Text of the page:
A new study in the British Medical Journal supports the claim that the introduction of breast cancer screening in the UK may have caused more harm than good.
Researchers say the harms included false positives and overtreatment (treatment of harmless - or slow growing - cancers that would never have caused symptoms or death during the woman's lifetime). The study shows that the harms of screening largely offset the benefits up to 10 years, after which the benefits do begin to accumulate, but by much less than predicted when screening was first started.
Breast cancer screening began in the UK in 1986, with experts predicting it would reduce the death rate from breast cancer by almost one third with few harms and at low cost.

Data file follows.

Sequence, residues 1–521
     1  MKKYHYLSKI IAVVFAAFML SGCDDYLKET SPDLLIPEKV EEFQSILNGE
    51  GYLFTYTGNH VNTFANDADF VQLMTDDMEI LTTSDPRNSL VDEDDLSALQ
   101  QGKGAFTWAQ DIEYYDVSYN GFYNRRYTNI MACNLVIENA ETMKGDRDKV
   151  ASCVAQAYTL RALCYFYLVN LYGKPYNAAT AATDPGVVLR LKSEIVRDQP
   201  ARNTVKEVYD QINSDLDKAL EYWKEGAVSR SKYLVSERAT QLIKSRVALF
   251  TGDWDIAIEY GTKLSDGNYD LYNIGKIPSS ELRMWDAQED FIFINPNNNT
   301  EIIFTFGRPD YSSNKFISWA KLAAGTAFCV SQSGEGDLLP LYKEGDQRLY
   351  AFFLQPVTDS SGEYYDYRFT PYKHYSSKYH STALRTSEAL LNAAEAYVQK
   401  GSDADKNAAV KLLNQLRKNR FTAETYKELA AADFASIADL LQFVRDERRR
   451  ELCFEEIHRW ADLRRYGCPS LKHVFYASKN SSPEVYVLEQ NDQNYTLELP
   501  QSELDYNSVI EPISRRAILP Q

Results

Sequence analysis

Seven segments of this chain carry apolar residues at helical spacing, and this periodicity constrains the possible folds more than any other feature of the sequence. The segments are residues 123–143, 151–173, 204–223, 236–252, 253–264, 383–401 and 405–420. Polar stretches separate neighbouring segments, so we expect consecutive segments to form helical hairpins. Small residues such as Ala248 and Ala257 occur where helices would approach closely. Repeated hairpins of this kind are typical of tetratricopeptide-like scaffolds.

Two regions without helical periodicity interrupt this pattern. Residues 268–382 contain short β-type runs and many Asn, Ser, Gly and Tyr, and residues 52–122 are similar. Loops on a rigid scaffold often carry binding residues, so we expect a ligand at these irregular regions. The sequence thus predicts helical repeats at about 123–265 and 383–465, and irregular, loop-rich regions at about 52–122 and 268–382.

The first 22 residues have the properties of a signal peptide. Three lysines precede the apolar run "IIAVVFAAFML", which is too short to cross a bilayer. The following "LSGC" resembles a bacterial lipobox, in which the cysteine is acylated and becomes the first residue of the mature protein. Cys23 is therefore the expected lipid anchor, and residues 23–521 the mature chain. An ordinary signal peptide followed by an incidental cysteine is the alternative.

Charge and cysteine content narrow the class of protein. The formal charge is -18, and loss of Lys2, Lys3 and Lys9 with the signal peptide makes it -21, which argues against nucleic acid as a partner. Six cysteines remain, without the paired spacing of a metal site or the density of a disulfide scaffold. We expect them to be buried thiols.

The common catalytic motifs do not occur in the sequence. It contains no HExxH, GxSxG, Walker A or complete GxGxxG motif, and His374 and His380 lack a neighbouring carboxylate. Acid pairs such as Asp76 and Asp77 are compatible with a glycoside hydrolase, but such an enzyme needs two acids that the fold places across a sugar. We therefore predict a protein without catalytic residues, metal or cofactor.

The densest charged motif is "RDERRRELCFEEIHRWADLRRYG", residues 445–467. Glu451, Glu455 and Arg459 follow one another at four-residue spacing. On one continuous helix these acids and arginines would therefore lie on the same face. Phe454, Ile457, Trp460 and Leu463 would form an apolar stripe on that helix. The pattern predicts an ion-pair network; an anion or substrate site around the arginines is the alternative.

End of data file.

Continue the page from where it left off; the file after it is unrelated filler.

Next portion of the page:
Since then, the harms of breast cancer screening have been acknowledged. So, researchers at the University of Southampton (UK) set out to update the report's survival estimates by combining the benefits and harms of screening in one single measure. The results are based on 100,000 women aged 50 and over surviving by year up to 20 years after entry to the screening programme.
Inclusion of false positives and unnecessary surgery reduced the benefits of screening by about half. The best estimates generated negative net quality-of-life-scores (QALYs) for up to eight years after screening and minimal gains after 10 years. After 20 years, net QALYs accumulate, but by much less than predicted.
The authors say more research is needed on the extent of unnecessary treatment and its impact on quality of life. They also call for improved ways of identifying those most likely to benefit from surgery and for measuring the levels and duration of the harms from surgery.
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Source: British Medical Journal